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Re: Repeators in Space



Repeaters would not decrease the time it takes a signal to reach 
Earth from a distant point.  The time required is simply the distance 
divided by the speed of light, it is unaffected by signal strength. 
The value in a repeater is the ability to compensate for signal 
attenuation due to path loss.

Hope this helps,

John  WA4WDL




>Hope to get some comment going about this , but I have been wondering : how
>long did it take a signal to reach the moon from earth or vice versa during
>the Apollo missions ?  As well, how long does it take a signal to reach our
>Mars probes and landers that we have had ?  Do you think it might be
>possible in future missions to place machines in space that would act as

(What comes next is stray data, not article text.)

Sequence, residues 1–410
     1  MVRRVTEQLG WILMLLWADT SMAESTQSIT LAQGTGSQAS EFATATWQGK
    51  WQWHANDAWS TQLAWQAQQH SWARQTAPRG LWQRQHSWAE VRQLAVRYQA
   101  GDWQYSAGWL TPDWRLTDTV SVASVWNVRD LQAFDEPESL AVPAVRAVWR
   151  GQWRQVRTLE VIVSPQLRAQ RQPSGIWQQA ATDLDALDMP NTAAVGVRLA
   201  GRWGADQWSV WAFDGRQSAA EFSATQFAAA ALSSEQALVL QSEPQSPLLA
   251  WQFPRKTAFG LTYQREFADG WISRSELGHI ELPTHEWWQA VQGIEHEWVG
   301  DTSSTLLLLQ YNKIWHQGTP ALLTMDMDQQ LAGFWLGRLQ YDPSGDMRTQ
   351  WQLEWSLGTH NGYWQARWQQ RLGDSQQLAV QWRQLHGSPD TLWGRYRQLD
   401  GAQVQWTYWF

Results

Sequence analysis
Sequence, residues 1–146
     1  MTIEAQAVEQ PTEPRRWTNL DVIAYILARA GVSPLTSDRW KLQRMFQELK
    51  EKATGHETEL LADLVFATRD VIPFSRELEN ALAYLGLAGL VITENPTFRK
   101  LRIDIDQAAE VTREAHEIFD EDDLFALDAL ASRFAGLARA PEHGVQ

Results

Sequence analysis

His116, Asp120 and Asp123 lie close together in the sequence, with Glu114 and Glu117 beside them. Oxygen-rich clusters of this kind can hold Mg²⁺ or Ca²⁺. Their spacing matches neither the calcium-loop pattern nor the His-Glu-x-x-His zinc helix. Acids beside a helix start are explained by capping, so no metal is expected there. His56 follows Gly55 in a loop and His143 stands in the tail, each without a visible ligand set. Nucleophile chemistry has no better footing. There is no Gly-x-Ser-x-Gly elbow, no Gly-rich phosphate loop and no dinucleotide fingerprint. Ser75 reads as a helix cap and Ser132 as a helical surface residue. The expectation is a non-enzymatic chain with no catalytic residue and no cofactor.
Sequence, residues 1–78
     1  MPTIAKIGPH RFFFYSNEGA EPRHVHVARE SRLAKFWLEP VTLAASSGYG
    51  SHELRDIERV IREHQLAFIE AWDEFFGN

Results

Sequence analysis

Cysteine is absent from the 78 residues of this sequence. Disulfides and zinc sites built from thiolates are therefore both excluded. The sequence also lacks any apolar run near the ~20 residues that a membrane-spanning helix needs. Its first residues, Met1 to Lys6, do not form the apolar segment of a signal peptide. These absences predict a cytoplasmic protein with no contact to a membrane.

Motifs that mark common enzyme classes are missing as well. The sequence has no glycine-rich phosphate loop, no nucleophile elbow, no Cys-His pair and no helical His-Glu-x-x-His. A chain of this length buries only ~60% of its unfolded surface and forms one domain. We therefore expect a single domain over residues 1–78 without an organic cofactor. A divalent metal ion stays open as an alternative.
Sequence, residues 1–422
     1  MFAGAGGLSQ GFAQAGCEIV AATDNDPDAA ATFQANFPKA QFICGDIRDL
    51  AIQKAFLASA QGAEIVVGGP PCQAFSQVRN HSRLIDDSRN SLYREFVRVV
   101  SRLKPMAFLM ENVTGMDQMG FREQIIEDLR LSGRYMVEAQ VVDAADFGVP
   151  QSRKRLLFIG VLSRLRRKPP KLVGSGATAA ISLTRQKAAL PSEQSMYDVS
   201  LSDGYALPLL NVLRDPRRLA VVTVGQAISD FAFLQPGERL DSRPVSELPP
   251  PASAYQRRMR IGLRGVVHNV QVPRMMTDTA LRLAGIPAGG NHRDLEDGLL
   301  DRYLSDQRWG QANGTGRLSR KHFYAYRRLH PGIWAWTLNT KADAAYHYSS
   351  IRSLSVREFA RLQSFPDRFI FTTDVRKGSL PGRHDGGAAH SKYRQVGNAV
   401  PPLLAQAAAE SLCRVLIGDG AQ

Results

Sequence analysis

>repeaters between distant places so that we might cut or eliminate the time
>that it takes for a signal to reach earth ?  From listening to Sputnik 41 ,
>I understand that there were amazing things that could be done with just 500
>miliwatts while it was in our orbit.  Just think what we might do with such
>a "space buoy " like a 30 or 50 watt-er placed between us and some distant
>location.
>Every dream has to be born some place.  These are the thoughts that lead to
>invention, don't you think ?
>     73' and Merry Christmas
>      de ' KF4FQT
>
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John M. Franke
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SBIR Senior Scientist
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